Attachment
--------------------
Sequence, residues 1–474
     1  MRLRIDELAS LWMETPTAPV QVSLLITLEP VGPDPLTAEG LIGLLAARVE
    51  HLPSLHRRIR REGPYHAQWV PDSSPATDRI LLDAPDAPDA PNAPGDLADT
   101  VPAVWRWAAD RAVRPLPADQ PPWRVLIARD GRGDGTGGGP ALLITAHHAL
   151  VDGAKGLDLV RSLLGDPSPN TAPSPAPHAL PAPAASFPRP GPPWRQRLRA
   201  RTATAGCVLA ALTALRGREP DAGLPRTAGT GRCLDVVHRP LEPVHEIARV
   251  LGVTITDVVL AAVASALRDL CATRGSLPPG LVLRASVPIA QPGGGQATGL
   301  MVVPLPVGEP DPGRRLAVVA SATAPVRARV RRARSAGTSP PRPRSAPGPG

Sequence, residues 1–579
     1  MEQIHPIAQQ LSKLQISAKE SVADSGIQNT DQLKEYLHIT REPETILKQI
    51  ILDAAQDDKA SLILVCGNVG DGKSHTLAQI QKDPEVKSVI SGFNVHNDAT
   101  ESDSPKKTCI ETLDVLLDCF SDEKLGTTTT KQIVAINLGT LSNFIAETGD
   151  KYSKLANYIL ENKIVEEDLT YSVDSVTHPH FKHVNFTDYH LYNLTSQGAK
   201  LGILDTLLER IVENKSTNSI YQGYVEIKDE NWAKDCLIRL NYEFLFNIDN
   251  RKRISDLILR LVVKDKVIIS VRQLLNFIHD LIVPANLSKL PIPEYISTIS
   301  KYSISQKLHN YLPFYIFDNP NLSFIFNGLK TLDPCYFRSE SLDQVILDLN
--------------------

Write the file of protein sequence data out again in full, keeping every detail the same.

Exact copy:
Sequence, residues 1–474
     1  MRLRIDELAS LWMETPTAPV QVSLLITLEP VGPDPLTAEG LIGLLAARVE
    51  HLPSLHRRIR REGPYHAQWV PDSSPATDRI LLDAPDAPDA PNAPGDLADT
   101  VPAVWRWAAD RAVRPLPADQ PPWRVLIARD GRGDGTGGGP ALLITAHHAL
   151  VDGAKGLDLV RSLLGDPSPN TAPSPAPHAL PAPAASFPRP GPPWRQRLRA
   201  RTATAGCVLA ALTALRGREP DAGLPRTAGT GRCLDVVHRP LEPVHEIARV
   251  LGVTITDVVL AAVASALRDL CATRGSLPPG LVLRASVPIA QPGGGQATGL
   301  MVVPLPVGEP DPGRRLAVVA SATAPVRARV RRARSAGTSP PRPRSAPGPG

Sequence, residues 1–579
     1  MEQIHPIAQQ LSKLQISAKE SVADSGIQNT DQLKEYLHIT REPETILKQI
    51  ILDAAQDDKA SLILVCGNVG DGKSHTLAQI QKDPEVKSVI SGFNVHNDAT
   101  ESDSPKKTCI ETLDVLLDCF SDEKLGTTTT KQIVAINLGT LSNFIAETGD
   151  KYSKLANYIL ENKIVEEDLT YSVDSVTHPH FKHVNFTDYH LYNLTSQGAK
   201  LGILDTLLER IVENKSTNSI YQGYVEIKDE NWAKDCLIRL NYEFLFNIDN
   251  RKRISDLILR LVVKDKVIIS VRQLLNFIHD LIVPANLSKL PIPEYISTIS
   301  KYSISQKLHN YLPFYIFDNP NLSFIFNGLK TLDPCYFRSE SLDQVILDLN